I checked in on Foursquare unlocking a free dessert. I ordered the apple cobbler with some cinnamon ice cream even though I was full and didn’t need any more food. It was FREE so I thought I'd at least have a taste. The apple cobbler seemed homemade with complete apple slices that appeared hand cut. The cobbler topping was made of brown sugar and oatmeal cooked to a wonderful crispiness. I enjoyed a couple of bites and then asked for the check. The cinnamon ice cream wasn’t noteworthy.


Thomas Jefferson's Sweet Potato Biscuits (from FoodNetwork.com)

Time: 1.5 Hours
Yield: 2 Dozen Biscuits
 
Ingredients
5 cups all-purpose flour
1 cup packed light brown sugar
2 tablespoons baking powder
1 1/2 teaspoons ground cinnamon
1 teaspoon salt
1 teaspoon ground ginger
1/2 teaspoon ground allspice
1 cup solid frozen vegetable shortening
2 cups roasted, mashed, and cooled sweet potatoes
1 cup heavy cream (plus more if needed)
1/2 cup coarsely chopped pecans
 
Directions
Preheat oven to 425 degrees. In a large mixing bowl, stir together the flour, brown sugar, baking powder, cinnamon, salt, ginger, and allspice. Add the shortening and cut in with 2 knives or hands until crumbly. In another bowl combine sweet potatoes, cream and pecans. Make well in dry ingredients and add potato-cream mixture. Mix to combine. Turn the dough out onto a lightly floured surface. Roll out the dough to 1 1/2 inches thick. Cut out with a 2-inch floured biscuit cutter. Place biscuits 1-inch apart on ungreased baking sheets. Bake for 5 minutes, then turn down temperature to 375 and bake for another 10 to 15 minutes until golden brown. Serve warm or let cool on a wire rack until room temperature.


Give Me Liberty or Give Me Beer?


Beer, if drunk with moderation, softens the temper, cheers the spirit and promotes health.
― Thomas Jefferson

I didnt describe my wonderful George Washington’s Tavern Porter I drank at City Tavern because I decided to go to the source, Yards Brewery, and do a more in depth tasting. I walked from my hotel to the Delaware river and followed it a few miles until I arrived at the Yards Brewery. I waved at New Jersey across the river from Philly and entered the brewery, sat down at the bar, and ordered a $12 sampler of Yards Brewery’s Ales of the Revolution.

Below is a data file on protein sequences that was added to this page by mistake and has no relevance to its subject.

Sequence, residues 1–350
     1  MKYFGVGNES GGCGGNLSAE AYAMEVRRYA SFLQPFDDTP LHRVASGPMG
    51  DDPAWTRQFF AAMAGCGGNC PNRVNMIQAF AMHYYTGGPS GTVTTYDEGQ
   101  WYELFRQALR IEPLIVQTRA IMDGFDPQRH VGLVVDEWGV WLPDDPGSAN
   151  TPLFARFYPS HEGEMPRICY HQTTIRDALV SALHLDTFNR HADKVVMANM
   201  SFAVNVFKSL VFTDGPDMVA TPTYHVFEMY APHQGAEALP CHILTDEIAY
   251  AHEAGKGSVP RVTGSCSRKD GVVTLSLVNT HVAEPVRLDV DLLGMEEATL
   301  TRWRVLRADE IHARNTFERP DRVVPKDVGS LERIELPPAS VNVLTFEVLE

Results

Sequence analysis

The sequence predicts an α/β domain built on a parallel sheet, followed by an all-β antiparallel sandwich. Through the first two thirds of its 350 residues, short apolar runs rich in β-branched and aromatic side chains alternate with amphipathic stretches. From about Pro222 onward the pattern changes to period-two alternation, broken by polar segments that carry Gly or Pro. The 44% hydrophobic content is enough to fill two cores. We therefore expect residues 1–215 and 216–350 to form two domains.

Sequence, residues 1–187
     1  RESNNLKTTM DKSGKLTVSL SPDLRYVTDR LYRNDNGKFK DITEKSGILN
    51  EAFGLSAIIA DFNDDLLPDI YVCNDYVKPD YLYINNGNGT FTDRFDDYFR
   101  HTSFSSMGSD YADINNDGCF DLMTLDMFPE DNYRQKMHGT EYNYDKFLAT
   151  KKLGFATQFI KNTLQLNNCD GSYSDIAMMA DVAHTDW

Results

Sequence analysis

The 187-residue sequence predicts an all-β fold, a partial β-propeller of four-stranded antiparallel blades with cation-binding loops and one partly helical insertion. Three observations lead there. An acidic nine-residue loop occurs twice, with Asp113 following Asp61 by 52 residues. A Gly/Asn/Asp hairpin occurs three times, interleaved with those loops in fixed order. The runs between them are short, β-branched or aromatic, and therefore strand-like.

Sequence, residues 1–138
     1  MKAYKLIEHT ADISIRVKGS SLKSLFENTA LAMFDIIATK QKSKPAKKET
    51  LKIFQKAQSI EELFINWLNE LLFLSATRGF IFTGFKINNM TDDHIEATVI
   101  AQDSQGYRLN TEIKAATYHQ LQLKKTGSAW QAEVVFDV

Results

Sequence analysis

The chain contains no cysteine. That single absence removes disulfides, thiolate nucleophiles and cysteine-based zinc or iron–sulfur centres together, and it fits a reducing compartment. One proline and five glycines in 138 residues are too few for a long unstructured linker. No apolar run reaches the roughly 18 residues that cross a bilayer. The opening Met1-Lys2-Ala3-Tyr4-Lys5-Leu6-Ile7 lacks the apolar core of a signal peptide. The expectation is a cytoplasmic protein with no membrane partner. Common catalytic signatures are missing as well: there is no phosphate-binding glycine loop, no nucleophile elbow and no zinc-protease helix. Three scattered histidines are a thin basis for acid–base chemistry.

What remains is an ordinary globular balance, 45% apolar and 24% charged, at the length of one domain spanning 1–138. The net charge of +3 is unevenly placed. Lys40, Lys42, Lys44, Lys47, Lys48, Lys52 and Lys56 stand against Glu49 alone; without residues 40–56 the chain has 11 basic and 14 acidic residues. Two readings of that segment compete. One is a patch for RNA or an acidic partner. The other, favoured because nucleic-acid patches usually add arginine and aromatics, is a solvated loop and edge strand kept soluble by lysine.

The 6oz samples came in a wooden carrier and I got to taste:
  • Thomas Jefferson’s Tavern Ale: bubbly, golden, hoppy, spirit forward (tee hee) ale with a dry finish. This puppy is 8% alcohol made from Thomas Jefferson own recipe where he used rye, honey, and wheat from his Virginia estate.
  • Poor Richard’s Tavern Spruce Ale: This was Benjamin Franklin’s recipe using molasses and spruce since barley and hops were sometimes difficult to get in the New World. This ale had a unusual slightly herbal taste, fruity aroma, and a quick finish. 5% alcohol.
  • George Washington’s Tavern Porter: this was the beer that influenced me to visit the brewery after tasting its delicious, rich, and nutty barley and molasses flavor at City Tavern. It's everything I love in a sweet porter and is 7% alcohol.
  • Love Stout: this beer doesn’t actually have anything to do with the American Revolution but, was my favorite. Brewed with oysters in the kettle, this dark, chocolately, malty nitrogenated stout kept its creamy head to the bottom of the glass. 5.5% alcohol.

I tried to drink these slowly and savor them. I think because I was taking tasting notes on the beers, the bartender started giving me samples of some of the other beers, several of which he hand pumped from an untapped keg. I sampled the Trubles de Yards, an unfinished, fruity Belgian ale that the bartender described as a tripel dubbel monster, whatever that means! I liked it but, its high alcohol content would have had me under the table very quickly so I didn’t order a glass.